Ava DuVernay, left, poses Tarana Burke, at the Ms. Foundation 30th Annual Gloria Awards at Capitale on May 3, 2018 in New York City.
Photo: Astrid Stawiarz (Getty Images for The Foundation for Women)

As I write this, there is still a debate waging in one of our comments sections over whether filmmaker Ava DuVernay is obligated to embrace the term “auntie” or not (for the record, we think everyone should embrace whatever term they want). But as #MeToo creator Tarana Burke revealed on Tuesday night, DuVernay took an even more significant and far-reaching stance for and among black women when asked to speak out against entertainer and alleged sexual predator R. Kelly.

As Vulture reports, the revelation came during Burke’s talk with investigative reporter and music critic Jim DeRogatis and writer Jamilah Lemieux about DeRogatis’s new book, Soulless: The Case Against R. Kelly. Burke revisited the open letter published last April by the Women of Color of Time’s Up, which asked several corporations affiliated with Kelly (including Sony Music and Spotify) to divest from the singer following the latest round of decadeslong allegations reported by DeRogatis, in which several parents alleged Kelly was keeping their daughters in a “sex cult.”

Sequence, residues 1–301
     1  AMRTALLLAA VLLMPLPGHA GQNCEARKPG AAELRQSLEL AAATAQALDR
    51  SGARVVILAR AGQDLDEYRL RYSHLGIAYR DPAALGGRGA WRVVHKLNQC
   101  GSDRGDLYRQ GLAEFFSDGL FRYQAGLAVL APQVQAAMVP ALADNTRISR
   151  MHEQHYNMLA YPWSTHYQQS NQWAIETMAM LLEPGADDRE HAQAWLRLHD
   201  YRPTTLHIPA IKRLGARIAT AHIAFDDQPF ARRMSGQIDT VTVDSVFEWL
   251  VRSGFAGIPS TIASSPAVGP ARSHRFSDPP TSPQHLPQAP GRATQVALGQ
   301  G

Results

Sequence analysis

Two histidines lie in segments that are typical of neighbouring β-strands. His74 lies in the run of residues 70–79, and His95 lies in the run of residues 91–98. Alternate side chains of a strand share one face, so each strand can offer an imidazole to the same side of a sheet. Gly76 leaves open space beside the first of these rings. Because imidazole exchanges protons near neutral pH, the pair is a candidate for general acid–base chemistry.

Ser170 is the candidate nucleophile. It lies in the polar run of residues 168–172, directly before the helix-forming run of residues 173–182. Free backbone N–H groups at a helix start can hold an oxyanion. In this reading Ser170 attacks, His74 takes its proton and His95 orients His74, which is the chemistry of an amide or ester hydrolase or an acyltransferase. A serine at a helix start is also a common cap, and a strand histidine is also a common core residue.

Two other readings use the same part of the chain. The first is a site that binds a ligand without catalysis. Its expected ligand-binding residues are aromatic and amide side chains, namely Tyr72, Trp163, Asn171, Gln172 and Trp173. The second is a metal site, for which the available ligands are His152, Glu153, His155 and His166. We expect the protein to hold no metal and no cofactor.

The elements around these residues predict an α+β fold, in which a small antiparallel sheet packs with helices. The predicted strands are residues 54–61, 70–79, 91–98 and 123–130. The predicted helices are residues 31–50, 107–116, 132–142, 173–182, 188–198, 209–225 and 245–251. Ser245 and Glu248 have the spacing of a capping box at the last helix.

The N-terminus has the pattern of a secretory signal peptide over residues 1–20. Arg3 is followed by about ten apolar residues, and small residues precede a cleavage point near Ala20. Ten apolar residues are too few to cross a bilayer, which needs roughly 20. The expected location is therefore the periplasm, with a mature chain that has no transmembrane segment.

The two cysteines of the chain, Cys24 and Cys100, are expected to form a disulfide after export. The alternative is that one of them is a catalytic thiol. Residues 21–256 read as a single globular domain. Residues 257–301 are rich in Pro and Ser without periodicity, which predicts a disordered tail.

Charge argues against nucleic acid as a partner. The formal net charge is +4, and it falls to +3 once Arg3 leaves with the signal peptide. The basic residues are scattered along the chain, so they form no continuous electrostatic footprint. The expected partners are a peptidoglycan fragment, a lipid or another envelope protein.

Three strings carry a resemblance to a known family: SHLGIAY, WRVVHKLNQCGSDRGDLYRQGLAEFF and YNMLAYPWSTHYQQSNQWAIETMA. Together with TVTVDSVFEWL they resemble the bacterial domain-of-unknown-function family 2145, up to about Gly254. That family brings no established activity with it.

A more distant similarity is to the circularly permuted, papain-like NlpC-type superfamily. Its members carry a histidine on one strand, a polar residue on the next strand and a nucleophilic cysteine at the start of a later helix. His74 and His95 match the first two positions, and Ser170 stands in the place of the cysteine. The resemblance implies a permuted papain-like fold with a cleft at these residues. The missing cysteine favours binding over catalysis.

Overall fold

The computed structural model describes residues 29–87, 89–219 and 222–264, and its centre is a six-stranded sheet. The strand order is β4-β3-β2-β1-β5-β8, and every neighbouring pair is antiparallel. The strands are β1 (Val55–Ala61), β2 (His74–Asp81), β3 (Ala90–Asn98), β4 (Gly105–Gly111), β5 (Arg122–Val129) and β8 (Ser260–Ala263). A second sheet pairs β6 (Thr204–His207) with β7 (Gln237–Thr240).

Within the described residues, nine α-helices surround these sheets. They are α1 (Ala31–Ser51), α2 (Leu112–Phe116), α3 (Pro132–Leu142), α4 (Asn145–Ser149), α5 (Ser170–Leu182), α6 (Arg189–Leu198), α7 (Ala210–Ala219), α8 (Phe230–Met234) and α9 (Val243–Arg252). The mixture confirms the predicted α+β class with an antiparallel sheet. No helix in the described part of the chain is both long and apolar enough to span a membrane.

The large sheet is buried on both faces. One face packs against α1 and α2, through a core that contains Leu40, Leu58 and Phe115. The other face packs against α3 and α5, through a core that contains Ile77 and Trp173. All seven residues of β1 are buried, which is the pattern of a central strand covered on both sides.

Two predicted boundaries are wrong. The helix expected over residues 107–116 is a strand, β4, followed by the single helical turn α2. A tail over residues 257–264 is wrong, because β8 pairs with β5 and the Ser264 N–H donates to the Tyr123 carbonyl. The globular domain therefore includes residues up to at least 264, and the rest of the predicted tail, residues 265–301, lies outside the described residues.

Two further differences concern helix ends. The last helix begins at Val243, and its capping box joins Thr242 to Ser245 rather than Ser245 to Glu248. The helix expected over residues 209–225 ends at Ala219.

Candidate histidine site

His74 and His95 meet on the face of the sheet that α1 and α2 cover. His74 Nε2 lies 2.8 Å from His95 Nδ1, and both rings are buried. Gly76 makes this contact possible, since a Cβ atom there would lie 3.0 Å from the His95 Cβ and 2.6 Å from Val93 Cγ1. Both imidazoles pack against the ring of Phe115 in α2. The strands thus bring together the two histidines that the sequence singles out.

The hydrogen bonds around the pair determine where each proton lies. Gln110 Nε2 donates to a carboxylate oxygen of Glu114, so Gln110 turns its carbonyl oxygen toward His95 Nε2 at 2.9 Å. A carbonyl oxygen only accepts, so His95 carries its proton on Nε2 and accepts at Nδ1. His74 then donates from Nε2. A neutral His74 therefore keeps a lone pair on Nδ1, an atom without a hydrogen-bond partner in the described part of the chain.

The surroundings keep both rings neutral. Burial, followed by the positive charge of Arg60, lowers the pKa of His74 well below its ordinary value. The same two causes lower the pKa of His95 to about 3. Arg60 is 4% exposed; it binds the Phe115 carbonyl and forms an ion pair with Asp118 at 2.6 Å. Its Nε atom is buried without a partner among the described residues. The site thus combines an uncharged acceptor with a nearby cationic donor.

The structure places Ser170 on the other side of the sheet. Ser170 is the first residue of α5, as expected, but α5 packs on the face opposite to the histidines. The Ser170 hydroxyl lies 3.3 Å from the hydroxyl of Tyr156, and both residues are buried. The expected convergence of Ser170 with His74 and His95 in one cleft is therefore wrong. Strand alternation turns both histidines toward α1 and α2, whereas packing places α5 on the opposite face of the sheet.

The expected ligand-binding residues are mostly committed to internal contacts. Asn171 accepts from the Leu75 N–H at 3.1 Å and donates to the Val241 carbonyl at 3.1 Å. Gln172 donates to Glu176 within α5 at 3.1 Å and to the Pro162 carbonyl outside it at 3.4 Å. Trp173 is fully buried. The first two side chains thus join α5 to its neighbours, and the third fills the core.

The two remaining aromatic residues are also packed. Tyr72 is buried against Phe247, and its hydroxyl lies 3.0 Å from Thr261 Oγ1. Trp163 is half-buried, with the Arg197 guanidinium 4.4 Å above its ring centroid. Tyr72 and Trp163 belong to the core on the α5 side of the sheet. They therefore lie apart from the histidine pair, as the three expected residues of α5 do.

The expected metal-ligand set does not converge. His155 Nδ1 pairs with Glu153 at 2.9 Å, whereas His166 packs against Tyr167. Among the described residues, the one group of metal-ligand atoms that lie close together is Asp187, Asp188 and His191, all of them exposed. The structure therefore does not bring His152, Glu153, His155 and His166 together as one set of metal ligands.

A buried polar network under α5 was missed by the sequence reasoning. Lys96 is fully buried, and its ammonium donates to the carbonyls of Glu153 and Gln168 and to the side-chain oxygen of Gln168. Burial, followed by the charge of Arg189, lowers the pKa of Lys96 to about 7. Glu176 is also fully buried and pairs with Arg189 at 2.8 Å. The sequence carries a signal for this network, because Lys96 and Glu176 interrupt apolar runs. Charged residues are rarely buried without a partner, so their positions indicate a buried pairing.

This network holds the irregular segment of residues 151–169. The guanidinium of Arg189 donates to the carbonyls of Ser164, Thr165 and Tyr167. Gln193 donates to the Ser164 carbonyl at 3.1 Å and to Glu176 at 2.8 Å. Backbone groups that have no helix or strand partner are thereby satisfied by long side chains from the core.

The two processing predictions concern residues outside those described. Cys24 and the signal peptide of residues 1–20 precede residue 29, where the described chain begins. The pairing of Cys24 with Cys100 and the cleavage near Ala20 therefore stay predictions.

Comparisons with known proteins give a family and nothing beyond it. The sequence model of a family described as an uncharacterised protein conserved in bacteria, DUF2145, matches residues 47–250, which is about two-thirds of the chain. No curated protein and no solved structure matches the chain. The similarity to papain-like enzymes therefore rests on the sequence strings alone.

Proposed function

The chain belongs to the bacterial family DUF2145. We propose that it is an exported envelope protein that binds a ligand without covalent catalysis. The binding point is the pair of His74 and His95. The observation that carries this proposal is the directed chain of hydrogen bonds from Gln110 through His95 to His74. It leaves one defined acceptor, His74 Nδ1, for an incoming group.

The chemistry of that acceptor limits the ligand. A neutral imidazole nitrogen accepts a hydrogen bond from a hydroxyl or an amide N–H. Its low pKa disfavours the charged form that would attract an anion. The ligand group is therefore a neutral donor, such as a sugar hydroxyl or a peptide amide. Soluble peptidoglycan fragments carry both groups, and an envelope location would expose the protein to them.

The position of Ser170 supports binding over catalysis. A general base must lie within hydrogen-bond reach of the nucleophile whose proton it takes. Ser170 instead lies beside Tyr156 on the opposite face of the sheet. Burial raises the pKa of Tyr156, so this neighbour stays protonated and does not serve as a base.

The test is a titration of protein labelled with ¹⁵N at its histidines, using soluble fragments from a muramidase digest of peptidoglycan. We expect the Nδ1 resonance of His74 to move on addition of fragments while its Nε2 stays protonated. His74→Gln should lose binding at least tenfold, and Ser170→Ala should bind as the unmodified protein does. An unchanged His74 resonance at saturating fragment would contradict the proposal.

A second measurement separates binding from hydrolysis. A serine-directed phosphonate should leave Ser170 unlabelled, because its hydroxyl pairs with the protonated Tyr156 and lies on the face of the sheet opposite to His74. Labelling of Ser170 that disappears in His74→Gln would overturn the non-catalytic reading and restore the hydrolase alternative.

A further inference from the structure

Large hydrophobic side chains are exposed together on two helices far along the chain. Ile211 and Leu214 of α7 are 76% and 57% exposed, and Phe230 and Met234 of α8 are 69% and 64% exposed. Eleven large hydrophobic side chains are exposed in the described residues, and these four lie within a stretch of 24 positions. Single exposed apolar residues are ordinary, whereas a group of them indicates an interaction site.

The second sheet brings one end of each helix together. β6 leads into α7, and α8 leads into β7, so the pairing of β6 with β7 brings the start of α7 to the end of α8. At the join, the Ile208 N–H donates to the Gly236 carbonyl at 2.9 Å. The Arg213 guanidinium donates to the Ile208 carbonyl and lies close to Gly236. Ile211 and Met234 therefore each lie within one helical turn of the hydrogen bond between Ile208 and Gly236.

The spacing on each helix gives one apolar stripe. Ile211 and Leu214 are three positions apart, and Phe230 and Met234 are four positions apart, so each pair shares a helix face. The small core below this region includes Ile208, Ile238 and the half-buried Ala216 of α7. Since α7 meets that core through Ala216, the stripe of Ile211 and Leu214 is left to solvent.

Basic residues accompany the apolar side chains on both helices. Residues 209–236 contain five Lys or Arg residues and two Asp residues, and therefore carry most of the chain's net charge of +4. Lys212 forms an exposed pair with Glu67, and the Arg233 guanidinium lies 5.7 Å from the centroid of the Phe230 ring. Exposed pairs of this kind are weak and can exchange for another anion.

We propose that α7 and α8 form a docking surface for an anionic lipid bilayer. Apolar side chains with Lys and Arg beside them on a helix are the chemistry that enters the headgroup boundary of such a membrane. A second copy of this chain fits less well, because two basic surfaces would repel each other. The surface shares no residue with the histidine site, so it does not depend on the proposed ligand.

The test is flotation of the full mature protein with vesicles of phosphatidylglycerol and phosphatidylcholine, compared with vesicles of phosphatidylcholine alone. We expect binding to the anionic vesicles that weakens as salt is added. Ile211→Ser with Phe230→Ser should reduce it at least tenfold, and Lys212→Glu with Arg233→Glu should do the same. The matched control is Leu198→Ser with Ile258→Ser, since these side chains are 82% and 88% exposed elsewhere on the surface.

Coincidentally, Kelly was arraigned on 11 additional counts of sex-related crimes on Thursday. He has continued to maintain his innocence, even as TMZ reports that his former manager has been indicted for alleged threats to the parents of Jocelyn Savage, one of Kelly’s “girlfriends.”

Advertisement

“We had a Time’s Up situation where the black women in Time’s Up came out in support of #MuteRKelly. What that took is another conversation,” Burke shared. “Prior to that, I had one-on-one conversations with black women in Hollywood and black women in music because folks were doing stories and they wanted a prominent black woman to go on record and talk about it. The only one who would do it was Ava DuVernay. The only one.”

The problem? The overriding influence Kelly had built within the industry; a fact that was intimidating enough to keep several women from taking a stand. “I asked a singer who I didn’t even think could have a connection to him, and she said, ‘Well, I don’t know, because we share some writers,’” Burke said. “Another woman said, ‘I would love to, but the backlash I would get on Twitter, I’m just not ready for it,’” reported Vulture.

Advertisement

With cancel culture still looming large, it’s an understandable moral dilemma; too bad there’s been less concern about canceling Kelly.

You can view the entire conversation below.